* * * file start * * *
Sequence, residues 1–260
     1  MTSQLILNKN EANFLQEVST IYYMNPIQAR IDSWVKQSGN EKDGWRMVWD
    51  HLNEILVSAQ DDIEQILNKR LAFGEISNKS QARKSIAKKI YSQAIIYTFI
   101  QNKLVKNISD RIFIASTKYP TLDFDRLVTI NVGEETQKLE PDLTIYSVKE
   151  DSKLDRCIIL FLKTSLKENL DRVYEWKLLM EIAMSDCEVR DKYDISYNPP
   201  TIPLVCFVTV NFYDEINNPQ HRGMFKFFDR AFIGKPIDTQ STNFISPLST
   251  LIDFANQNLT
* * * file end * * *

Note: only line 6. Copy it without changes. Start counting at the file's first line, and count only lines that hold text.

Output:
   201  TIPLVCFVTV NFYDEINNPQ HRGMFKFFDR AFIGKPIDTQ STNFISPLST